matter for speculation and, furthermore, multi-megawatt heating systems had yet to be developed.
Four methods of heating were envisaged - adiabatic compression, neutral beam injection,
and wave heating at the lower hybrid resonance and at harmonics of the ion cyclotron frequency.
In the design report the aim was stated to be a study of “their efficiency in heating the plasma
into the reactor domain”.
The experiments on compression heating were unfruitful, and significant lower-hybrid
heating was only introduced after ten years of JET operation. The development of the other two
schemes - neutral beam injection and ion cyclotron heating - was very successful, the power
available increasing rapidly. The first heating was 5 megawatts by ICRH in 1985 and 10 megawatts
of neutral beam heating in 1986. By 1988 both systems could supply about 20 megawatts. A
graph showing how the available power developed is given in Figure 15.1.
In addition to providing powerful heating, the ion cyclotron system led to the discovery of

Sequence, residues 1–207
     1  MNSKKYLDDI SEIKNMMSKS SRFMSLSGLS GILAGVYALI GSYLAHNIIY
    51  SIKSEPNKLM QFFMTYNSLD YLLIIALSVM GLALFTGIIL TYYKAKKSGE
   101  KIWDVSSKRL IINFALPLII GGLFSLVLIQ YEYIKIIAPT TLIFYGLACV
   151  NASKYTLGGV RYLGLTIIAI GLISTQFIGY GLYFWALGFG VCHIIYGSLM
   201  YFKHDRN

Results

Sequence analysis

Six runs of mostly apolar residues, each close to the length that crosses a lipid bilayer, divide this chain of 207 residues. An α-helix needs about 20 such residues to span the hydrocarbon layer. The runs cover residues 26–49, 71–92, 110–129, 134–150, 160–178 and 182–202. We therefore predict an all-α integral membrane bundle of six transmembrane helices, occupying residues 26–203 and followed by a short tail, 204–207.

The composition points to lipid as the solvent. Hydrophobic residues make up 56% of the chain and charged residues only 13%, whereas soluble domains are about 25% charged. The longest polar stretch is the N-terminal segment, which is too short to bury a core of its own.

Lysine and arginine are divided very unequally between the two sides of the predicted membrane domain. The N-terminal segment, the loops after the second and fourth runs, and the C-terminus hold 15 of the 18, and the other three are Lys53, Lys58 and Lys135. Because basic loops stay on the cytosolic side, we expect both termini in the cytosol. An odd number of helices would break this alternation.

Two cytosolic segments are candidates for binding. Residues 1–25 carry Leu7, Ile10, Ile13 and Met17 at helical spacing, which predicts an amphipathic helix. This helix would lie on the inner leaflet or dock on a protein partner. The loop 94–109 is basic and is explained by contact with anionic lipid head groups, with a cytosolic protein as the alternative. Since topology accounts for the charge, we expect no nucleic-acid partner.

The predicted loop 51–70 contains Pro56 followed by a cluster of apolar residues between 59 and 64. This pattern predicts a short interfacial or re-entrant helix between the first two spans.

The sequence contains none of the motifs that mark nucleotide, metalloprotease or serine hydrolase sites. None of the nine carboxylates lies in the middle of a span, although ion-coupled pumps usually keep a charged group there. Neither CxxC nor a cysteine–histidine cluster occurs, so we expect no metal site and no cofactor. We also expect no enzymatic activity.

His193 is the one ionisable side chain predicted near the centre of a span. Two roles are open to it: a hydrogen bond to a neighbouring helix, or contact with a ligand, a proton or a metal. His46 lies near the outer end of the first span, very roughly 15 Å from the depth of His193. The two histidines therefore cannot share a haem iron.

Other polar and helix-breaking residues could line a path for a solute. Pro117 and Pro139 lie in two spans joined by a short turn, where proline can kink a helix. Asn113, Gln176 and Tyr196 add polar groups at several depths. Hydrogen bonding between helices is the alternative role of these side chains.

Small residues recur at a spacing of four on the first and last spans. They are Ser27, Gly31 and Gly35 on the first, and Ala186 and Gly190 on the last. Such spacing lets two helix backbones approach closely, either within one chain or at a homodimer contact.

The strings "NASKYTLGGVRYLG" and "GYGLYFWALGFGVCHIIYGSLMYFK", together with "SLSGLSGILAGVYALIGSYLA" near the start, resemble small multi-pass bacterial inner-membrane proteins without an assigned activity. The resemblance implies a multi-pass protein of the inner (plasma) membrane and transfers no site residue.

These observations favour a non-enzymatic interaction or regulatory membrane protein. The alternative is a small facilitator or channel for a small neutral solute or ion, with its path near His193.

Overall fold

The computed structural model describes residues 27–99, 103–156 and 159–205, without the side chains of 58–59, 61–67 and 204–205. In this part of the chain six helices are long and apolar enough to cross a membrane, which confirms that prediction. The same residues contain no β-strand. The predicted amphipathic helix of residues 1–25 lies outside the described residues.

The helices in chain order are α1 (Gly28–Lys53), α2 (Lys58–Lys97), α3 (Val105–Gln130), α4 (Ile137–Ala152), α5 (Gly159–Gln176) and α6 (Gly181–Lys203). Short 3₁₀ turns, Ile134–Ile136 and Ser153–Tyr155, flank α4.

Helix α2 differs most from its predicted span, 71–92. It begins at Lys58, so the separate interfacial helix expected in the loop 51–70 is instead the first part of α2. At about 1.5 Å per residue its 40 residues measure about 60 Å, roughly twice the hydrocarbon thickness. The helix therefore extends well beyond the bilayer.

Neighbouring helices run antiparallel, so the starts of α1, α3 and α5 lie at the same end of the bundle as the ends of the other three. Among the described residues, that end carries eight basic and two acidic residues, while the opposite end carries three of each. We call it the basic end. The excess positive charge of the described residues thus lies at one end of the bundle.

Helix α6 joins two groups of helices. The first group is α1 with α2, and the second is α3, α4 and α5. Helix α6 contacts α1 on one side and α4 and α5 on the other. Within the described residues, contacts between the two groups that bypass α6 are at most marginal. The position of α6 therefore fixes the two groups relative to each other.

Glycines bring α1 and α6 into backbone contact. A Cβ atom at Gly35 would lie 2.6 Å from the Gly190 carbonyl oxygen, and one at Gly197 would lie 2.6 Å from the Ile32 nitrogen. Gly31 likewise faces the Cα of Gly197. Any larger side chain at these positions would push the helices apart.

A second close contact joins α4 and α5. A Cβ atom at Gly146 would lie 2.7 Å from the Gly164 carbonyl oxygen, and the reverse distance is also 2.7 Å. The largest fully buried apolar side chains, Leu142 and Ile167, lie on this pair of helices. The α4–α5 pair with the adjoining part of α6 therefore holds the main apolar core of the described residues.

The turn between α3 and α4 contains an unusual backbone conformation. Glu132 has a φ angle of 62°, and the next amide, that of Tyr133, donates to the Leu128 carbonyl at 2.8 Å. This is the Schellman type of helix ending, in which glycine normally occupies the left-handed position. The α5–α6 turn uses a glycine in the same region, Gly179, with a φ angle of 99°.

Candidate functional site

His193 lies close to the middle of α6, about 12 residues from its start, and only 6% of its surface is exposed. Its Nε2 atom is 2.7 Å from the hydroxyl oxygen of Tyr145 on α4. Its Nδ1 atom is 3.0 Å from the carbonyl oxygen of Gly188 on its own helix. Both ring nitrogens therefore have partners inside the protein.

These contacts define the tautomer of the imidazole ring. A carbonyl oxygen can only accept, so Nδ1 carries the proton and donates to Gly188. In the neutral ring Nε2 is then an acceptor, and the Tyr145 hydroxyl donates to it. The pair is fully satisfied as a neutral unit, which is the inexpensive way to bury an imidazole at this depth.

fast particle stabilisation of the sawtooth instability. Its capability to drive plasma current, and to
do this in a controlled way, also allowed sawtooth stabilisation by local modification of the
current profile. The ability to control the location of the deposition with ion cyclotron heating is
one of its assets. However, the requirement of achieving efficient coupling to the plasma makes
it less flexible than neutral beam injection.
The neutral beam heating system turned out to be extremely reliable, and it became the
basic work-horse of plasma heating. The system achieved an unanticipated success when it was
used to inject the tritium in the two sets of deuterium - tritium experiments.
The heating systems transformed plasmas with ion temperatures of a few keV to plasmas
producing megawatts of thermonuclear power at temperatures up to 30keV. Because their
development went so well this achievement tends to be taken for granted. We must remember
that success was not guaranteed, and depended on the solution of many complex design problems.
α-particle Production, Confinement and Plasma Heating
The studies of the behaviour of α-particles produced by fusion reactions in JET mark the early
steps in the understanding of this crucial aspect of fusion reactors.
The rate of α-particle production in the deuterium - tritium experiments is easily measured